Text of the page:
Diarrheal diseases of infancy in Cali, Colombia: study design and summary report on isolated disease agents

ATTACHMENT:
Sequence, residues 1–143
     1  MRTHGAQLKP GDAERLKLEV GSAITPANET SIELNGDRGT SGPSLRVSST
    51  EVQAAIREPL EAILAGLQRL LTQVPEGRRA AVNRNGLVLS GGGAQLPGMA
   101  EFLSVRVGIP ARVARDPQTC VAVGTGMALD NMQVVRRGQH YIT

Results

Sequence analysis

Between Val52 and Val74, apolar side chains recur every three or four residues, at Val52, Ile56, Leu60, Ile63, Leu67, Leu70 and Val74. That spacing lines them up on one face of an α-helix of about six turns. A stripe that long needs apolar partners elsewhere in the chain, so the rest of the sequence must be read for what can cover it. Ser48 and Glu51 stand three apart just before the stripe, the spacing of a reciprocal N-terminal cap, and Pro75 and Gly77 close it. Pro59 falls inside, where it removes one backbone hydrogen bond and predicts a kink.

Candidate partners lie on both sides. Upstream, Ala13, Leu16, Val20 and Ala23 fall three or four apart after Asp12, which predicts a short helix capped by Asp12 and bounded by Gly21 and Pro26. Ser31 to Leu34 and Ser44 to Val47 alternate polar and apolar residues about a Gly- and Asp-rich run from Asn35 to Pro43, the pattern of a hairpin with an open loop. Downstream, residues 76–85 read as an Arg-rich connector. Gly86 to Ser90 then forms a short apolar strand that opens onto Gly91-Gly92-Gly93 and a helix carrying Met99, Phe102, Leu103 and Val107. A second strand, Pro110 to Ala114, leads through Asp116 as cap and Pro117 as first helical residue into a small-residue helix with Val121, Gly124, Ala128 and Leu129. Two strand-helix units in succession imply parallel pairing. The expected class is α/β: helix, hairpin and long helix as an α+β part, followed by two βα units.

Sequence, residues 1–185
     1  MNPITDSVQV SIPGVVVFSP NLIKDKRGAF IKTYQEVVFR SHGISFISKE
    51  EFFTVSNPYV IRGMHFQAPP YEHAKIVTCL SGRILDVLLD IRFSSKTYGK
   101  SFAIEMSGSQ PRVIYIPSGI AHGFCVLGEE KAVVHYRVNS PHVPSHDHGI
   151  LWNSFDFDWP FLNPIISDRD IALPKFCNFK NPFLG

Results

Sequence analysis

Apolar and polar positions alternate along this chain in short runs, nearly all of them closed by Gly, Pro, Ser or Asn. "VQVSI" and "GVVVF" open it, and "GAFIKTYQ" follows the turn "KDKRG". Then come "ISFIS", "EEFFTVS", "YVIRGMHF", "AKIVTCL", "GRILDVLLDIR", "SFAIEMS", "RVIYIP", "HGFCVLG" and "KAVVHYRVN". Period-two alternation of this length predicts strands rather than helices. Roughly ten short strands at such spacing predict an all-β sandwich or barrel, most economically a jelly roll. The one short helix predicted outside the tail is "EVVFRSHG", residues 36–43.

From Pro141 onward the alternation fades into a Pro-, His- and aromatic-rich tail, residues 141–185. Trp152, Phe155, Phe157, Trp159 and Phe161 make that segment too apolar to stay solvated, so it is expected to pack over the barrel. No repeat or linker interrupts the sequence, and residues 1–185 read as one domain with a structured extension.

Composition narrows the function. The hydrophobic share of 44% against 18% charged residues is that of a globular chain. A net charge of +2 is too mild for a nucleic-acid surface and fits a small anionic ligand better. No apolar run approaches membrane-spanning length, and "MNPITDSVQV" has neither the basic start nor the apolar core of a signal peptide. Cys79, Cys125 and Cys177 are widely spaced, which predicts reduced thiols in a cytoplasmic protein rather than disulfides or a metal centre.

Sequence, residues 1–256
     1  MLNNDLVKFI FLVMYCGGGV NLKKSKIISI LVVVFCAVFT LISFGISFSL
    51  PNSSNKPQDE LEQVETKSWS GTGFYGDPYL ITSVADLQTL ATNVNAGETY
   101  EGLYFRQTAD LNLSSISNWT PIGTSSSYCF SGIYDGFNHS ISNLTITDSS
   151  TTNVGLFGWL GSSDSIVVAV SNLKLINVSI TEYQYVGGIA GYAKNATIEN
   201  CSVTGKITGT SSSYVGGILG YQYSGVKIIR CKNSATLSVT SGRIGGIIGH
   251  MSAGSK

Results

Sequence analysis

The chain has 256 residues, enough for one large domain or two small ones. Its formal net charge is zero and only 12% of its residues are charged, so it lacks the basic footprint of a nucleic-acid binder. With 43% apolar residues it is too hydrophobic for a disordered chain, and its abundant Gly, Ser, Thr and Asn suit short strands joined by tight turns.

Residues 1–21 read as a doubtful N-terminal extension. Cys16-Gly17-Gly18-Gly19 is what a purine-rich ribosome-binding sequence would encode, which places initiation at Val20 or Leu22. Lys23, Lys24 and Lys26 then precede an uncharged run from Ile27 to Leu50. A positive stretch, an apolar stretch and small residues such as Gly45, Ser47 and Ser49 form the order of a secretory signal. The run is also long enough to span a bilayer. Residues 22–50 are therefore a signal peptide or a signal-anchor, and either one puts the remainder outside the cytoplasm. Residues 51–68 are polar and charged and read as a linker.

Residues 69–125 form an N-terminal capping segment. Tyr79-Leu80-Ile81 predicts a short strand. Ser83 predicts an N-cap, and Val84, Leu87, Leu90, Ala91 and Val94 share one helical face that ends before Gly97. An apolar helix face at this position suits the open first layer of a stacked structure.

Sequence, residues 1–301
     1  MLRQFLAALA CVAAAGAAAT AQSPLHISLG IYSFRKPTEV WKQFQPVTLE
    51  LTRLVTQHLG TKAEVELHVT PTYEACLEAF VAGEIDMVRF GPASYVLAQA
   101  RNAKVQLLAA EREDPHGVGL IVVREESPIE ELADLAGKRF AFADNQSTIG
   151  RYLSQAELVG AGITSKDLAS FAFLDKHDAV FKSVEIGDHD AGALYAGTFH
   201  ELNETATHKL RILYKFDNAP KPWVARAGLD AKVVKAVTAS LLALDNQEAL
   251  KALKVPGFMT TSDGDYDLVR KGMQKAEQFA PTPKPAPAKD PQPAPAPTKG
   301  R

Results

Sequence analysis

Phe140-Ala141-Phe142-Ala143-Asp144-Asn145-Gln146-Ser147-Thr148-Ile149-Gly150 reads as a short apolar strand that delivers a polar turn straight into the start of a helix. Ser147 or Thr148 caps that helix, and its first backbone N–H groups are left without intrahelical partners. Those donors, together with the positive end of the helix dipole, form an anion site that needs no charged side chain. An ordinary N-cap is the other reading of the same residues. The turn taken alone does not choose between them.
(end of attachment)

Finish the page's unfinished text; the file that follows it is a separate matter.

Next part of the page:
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For public health reasons, it is important that the etiologic agents of early childhood diarrhea be isolated and identified, and that their routes of transmission be defined. This is especially true in tropical and subtropical developing countries, where childhood patterns of exposure to diarrheal disease agents usually differ from those in developed countries, and where diarrheal illness is a frequent harbinger of death among children under five years of age. This artical describes a study designed to identify diarrheal disease agents and transmission patterns in Cali, a large city of western Colombia's fertile Cauca River Valley. The study area, composed of five working-class districts with a total population of some 40,000, appeared to provide an environment fairly similar to those of many other «average» working-class communities in Latin America. Beginning in July 1962, a cohort of 296 children being born in these districts was studied, the period of investigation starting with the date of birth and continuing until each child's second birthday or its premature withdrawal from the study. Weekly home visits were made to establish defecation patterns, feeding practices, and anthropometry. The resulting data were then analyzed in terms of defecation frequencies, occurrence of liquid stools, and the presence of blood, mucus, or pus in the stools. Differences were noted in male and female defecation patterns and in the defecation frequencies of different age groups. Stool specimens for bacteriologic, virologic, and parasitologic examination were collected monthly on a regular basis and weekly when diarrhea occurred. Numerically, viruses were isolated and identified more often than other agents. The most commonly isolated parasite species and viral and bacterial serotypes were G. lamblia (from 222 subjects), echovirus 11 (from 166 subjects), and enteropathogenic Escherichia coli 026:B6 (from 138 subjects). Compared with the findings of several studies in other countries, isolations of shigellae were relatively rare (Au)
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